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Water Wars

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  • Anonymous

    Posted October 10, 2005

    Water Wars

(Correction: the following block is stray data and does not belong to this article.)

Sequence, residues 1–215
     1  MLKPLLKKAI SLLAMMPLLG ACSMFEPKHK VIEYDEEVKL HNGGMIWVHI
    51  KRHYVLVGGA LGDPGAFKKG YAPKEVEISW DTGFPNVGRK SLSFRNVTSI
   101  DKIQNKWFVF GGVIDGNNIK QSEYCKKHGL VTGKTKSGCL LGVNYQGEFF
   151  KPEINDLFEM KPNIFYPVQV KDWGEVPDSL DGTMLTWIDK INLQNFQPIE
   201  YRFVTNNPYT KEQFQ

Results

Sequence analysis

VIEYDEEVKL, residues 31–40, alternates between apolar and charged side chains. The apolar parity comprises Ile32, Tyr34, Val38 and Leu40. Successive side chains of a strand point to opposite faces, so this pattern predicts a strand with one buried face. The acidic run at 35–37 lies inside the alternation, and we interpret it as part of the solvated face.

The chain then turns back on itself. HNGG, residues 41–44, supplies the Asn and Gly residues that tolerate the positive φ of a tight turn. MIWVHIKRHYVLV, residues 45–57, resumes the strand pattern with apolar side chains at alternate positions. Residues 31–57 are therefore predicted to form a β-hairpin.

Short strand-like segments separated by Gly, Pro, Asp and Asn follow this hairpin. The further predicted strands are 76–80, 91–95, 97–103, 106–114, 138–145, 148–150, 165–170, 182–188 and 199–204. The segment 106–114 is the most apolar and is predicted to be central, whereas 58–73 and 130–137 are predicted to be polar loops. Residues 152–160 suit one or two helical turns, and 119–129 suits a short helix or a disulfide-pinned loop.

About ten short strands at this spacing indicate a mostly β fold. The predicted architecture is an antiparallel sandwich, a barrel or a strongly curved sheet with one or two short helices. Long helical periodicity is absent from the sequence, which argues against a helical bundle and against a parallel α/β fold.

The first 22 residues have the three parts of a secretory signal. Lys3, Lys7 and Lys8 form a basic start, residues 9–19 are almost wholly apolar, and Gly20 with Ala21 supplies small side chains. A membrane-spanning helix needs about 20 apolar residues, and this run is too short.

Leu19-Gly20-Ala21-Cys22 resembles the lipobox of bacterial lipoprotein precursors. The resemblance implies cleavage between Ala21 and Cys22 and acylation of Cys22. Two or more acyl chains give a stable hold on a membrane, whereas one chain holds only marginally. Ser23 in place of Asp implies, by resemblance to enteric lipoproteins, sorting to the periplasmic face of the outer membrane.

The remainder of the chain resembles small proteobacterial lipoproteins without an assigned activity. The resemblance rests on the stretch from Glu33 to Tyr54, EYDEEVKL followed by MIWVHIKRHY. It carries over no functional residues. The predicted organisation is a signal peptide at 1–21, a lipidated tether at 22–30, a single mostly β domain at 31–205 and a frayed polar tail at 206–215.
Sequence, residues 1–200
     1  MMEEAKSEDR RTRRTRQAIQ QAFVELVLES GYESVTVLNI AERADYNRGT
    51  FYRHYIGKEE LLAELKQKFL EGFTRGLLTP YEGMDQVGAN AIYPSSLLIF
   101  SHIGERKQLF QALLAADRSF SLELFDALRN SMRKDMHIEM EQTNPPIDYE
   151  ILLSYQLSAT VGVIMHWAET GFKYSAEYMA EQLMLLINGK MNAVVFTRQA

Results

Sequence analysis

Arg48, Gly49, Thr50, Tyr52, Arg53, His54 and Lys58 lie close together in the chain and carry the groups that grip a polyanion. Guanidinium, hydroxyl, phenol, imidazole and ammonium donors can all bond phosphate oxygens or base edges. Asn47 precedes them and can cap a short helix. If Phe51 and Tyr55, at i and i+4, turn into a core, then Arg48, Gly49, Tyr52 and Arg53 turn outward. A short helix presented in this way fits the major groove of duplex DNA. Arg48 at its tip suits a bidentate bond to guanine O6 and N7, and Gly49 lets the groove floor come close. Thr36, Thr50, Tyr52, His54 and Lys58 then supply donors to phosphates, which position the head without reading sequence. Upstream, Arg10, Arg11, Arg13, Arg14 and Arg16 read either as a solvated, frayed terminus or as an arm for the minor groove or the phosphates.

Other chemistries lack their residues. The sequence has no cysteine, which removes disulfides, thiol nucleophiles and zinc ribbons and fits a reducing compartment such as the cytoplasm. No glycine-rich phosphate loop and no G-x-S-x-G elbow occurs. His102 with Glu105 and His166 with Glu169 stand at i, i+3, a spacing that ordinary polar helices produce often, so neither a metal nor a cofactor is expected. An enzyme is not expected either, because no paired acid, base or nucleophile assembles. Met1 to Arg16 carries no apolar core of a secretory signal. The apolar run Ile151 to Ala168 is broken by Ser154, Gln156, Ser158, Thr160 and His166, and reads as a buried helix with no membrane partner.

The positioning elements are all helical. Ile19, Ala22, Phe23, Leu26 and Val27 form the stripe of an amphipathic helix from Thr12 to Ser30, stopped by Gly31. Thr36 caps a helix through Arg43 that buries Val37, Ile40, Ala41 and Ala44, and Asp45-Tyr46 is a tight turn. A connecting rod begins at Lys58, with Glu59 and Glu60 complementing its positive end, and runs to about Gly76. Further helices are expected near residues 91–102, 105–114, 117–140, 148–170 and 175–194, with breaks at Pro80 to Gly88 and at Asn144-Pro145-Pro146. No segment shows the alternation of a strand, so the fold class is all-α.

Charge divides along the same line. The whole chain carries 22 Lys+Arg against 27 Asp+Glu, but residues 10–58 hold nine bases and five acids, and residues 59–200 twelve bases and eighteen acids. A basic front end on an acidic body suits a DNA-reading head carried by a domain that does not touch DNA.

In Diane Raines Ward's book, Water Wars, she gives an in-depth view into a variety of water problems that people around the world face today. The problems range from flooding to droughts and are found all over the world. Ward stated that when she was younger she did not even know of the problems she knows of now. This probably was the reason she was able to explain each idea clear to the reader. This book is also very novice friendly. Overall, the language used is simple. The ideas are clearly stated and then supported. You do not have to be an envirnomental expert to understand the ideas that Ward presents. There is also a glossary and abbreviation list in the back of the book to explain any terms that might not be common knowledge. I am neither an evirnomentalist nor an expert on water but with the glossary and abbreviation I was able to follow along with everything that Ward explained. I also was able to retain a lot of the information and statistics stated because it was written almost as a story. Each idea was fully explained with easy transitions between two different ideas. In the Introduction, Ward gives shocking statistics about water related deaths taken from several sources. She points out that people today fight and die over clean water. Raw sewage is being dumped into drinking water all over the world, leading to major health problems. In a part of the former Soviet Union, ward states that the life expactancy is twenty years shorter than the average for the rest of the area. This is caused by a variety of problems that are all traced back to contaminated water nearby. This example shows that even if people use clean water, if there is highly contaminated water nearby other parts of the envirnoment are affected too. Another alarming statistic is, ''Fifty percent of India's morbidity is because of water.'(p.5) These statistics are all backed up by an extensive bibliograpy that is composed of research articles from major universities and also private research laboratories that focus on the growing problem of contaminated water. In addition to using statistics, she also uses many of her own life experiences to demonstrate the problems. 'One of my favorite stories about water control involves my husband's resourceful Uncle Marion.'(p.45) The story concluded with Marion buying beavers to divert water instead of building a dam. This apparently caused no problems with flooding in the nearby area, suggesting that many problems we face today can be solved by using nature. Ward has not only researched the water problems in-depth, but she has also travelled worldwide to witness the problems first-hand. This greatly adds to the credability of the book because she writes about what she sees and backs everything up with sources. Although some people may believe first-hand accounts may be extremely biased, Ward does not offer any evidence that she is trying to accomplish anything more than notifying the public of growing problems. Extremely detailed information is giving on the past few decades but it offers also information on dams and their effects 'built sometime between 2950 B.C. and 2750 B.C.'(p.52). Ward gives information from every era showing that water problems have been around for quite sometime and will only worsen unless changes are made. At the same time, this is not just a history book. The reading is easy and also very intriguing. This book is not all just negative information that just point out problems. Ward also shows current projects underway and the effect they will hopefully have. These projects include dams and purifying stations. Not only would these dams divert water to areas where water is scarce, but it would also generate much needed electricity, solving two environmental problems at once. Although dams could cause unwanted flooding in some areas, areas that have large bodies of water nearby should consider building a dam to make an evironmentally safe form of electricity.

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